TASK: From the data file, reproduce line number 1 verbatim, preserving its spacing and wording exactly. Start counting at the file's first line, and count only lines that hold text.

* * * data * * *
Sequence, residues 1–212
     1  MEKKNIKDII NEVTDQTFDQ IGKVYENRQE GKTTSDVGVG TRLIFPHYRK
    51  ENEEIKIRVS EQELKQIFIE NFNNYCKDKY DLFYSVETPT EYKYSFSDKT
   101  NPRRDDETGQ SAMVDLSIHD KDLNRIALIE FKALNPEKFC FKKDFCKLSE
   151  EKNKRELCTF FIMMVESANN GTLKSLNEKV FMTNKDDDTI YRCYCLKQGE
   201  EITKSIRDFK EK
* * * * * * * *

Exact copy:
Sequence, residues 1–212